Both Parkinson and Schema expressed serious concern about the administration’s intended plans to impose a staffing minimum during the virtual news conference held Wednesday.

“The minimum staffing requirement is unrealistic and not possible. It ignores the fact that virtually every SNF in the country is unable to find the workers that it needs. The workers have simply left – over 200,000 of them have left our labor force,” Parkinson said.

Parkinson and Schema are not alone in their concerns.

Wanda Prince, senior vice president of government affairs at Brickyard Healthcare, said the lack of funding for the post-acute care industry to provide competitive wages has been largely due to decades of underfunding.

“This is more than just funding for wages, which is significant, but also for tuition forgiveness, childcare relief for healthcare workers, access to educational programs, investment in advanced nursing degree education to provide more nursing instructors for the significant need for nurses that will continue for years to come,” Prince told SNN.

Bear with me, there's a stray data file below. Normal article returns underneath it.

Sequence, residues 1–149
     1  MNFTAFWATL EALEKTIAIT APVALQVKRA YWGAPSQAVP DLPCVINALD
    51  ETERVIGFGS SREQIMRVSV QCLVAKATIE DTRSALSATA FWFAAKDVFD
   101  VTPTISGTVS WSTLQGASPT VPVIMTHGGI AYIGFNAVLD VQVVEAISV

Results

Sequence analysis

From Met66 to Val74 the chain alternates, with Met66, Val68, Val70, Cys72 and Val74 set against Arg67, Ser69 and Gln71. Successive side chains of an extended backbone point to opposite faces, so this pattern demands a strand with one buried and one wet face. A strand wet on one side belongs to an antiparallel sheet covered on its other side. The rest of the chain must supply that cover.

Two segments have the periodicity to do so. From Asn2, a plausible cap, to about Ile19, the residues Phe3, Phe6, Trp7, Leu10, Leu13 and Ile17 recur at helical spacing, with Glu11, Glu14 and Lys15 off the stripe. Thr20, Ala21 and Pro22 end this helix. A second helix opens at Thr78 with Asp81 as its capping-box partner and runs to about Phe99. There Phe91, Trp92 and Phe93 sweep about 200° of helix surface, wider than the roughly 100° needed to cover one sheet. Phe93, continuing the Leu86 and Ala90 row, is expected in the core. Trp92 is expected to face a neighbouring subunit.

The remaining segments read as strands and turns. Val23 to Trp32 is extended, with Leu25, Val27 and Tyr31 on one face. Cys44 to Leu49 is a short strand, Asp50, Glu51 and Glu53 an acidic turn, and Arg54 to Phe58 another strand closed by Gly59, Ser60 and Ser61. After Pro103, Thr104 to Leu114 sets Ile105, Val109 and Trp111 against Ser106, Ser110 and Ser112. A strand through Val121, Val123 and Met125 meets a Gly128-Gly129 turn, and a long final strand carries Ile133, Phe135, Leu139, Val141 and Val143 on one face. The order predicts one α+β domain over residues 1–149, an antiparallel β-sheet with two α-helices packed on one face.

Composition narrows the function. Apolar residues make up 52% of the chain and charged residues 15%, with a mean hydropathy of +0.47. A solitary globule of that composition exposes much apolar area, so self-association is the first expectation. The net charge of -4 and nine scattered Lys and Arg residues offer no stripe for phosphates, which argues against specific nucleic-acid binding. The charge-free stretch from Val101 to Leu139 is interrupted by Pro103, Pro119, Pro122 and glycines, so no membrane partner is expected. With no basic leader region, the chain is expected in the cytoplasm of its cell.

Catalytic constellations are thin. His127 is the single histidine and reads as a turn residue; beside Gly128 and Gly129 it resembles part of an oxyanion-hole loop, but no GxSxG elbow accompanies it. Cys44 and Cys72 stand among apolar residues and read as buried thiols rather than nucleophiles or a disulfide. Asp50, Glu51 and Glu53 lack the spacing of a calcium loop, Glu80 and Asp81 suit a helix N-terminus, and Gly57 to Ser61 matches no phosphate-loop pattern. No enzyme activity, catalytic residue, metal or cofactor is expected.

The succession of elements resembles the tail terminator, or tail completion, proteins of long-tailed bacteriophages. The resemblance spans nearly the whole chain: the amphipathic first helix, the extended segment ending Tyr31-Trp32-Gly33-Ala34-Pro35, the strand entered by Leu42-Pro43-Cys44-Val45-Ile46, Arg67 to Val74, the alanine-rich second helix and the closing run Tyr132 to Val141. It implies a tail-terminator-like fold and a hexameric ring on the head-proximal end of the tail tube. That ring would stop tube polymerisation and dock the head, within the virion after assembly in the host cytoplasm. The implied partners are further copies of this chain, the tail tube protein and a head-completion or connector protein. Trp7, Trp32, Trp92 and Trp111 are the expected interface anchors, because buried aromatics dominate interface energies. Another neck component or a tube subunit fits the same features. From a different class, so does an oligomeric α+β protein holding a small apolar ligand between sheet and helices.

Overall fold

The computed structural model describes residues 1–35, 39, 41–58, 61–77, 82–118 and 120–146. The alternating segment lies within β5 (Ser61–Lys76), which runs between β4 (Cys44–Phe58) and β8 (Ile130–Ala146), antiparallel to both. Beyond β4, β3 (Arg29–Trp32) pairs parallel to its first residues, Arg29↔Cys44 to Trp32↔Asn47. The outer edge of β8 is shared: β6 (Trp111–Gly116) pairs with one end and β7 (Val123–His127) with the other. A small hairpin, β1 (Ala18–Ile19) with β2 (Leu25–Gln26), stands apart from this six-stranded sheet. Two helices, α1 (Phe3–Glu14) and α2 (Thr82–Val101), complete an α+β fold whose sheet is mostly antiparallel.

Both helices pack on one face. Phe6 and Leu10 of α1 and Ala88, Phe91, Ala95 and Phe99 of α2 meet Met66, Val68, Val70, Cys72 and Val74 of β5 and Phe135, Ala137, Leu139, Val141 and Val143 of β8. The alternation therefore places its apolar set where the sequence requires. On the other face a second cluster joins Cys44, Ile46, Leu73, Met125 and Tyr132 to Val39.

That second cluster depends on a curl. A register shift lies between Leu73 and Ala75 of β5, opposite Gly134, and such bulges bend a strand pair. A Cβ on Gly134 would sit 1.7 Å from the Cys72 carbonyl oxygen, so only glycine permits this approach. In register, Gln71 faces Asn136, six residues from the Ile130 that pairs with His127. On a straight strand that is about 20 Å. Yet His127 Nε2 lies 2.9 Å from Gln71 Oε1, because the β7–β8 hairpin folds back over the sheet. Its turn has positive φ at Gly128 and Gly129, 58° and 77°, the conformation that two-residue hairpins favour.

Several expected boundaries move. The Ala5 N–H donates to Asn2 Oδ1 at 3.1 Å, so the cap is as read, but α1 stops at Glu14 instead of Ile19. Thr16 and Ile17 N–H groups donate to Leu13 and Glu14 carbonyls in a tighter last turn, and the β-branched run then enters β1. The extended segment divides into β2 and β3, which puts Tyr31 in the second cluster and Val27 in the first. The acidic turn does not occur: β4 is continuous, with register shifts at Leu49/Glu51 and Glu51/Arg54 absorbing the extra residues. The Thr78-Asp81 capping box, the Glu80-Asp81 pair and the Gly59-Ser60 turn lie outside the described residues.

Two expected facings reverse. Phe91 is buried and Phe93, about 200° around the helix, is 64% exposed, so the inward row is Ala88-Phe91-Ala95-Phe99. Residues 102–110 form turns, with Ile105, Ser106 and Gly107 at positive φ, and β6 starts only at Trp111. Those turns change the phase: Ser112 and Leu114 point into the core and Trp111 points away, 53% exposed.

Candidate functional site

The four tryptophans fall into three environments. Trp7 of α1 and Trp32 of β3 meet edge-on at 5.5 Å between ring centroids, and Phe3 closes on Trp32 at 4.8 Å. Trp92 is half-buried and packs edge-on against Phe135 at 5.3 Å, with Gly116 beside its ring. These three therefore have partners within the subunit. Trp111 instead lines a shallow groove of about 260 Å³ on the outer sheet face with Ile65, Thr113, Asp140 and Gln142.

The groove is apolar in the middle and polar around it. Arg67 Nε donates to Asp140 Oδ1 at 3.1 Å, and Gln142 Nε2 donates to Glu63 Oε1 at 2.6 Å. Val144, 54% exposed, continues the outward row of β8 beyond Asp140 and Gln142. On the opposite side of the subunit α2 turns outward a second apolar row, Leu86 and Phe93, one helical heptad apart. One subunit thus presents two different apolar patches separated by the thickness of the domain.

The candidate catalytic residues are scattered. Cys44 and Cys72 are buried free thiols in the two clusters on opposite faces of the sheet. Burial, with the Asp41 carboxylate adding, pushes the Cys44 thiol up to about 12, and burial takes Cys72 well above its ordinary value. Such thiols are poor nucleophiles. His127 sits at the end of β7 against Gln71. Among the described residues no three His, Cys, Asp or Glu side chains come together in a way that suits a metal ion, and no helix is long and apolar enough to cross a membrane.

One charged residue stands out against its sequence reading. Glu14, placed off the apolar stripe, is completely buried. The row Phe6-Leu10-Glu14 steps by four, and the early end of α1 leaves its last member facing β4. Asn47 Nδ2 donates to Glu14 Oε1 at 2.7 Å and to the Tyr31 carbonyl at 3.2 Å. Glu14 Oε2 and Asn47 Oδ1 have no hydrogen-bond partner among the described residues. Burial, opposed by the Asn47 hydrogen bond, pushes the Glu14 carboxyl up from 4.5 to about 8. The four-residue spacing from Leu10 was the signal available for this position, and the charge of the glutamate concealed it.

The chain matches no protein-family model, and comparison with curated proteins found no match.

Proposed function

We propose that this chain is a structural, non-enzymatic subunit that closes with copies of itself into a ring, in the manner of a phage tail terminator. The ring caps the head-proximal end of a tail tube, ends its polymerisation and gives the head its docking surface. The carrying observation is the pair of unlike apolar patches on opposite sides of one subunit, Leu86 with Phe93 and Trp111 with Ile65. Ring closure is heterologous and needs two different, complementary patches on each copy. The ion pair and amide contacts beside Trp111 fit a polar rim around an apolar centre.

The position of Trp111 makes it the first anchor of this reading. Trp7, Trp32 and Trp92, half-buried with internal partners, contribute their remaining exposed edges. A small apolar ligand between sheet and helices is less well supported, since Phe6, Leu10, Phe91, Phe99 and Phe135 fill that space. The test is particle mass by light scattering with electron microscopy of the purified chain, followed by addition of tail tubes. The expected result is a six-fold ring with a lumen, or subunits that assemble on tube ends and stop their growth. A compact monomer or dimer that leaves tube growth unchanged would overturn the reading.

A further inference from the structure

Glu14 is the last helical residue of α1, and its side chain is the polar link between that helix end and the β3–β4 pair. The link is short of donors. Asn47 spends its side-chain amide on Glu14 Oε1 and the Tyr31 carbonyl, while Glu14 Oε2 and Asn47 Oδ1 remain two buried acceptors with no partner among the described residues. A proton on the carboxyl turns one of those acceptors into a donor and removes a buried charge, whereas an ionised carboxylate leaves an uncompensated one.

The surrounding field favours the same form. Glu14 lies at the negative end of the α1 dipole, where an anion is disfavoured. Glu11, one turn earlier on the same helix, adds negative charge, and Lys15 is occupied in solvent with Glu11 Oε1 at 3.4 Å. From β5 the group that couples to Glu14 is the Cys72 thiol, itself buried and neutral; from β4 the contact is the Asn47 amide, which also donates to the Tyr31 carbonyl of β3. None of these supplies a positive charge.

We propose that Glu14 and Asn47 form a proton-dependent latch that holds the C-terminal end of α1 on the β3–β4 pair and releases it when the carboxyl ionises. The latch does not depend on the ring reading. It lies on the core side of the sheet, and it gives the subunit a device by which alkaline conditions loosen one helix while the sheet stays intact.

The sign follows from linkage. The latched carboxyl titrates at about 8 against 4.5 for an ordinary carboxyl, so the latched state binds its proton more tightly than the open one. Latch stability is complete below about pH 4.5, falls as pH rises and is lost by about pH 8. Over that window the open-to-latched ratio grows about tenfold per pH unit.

And while Prince recognizes the importance of quality and safety at the highest level, when nursing homes close or cannot admit patients because they can’t meet “unfunded mandates,” it creates a back-up in the rest of the care continuum.

Cynthia Morton, executive vice president of the National Association for the Support of Long-Term Care (NASL), said that while the focus on staff is in the right spot, she worries establishing a staffing minimum, in this environment, could set nursing homes up for failure.

While the announcement includes some ways to attract staff, those actions were needed a long time ago, Morton told SNN.

“We’re in the middle of a shortage, and the shortage, I believe, is going to be with us for a while. We’re seeing it in therapy and nursing with respect to long-term care facilities,” she said.

Harvard University professor David Grabowski also believes having a minimum staffing standard is an important step for the industry.

He’s hoping that, given the time it would take to conduct a study before implementation of a requirement, that the labor force situation will be in a better spot.

“I like the spirit of trying to establish a floor in terms of the number of workers at a facility, I think that’s a positive development, but I’m just really worried about how nursing homes are going to meet that given the current economic situation ,” Grabowski told SNN.

It remains to be seen whether the White House plans to go through Congress to set a federal staffing minimum or do so through executive branch actions, but Parkinson said he believes that the process should go through Congress.

“It looks like their plan is to do this on their own. It’s not at all clear that they have the authority to do that,” he said.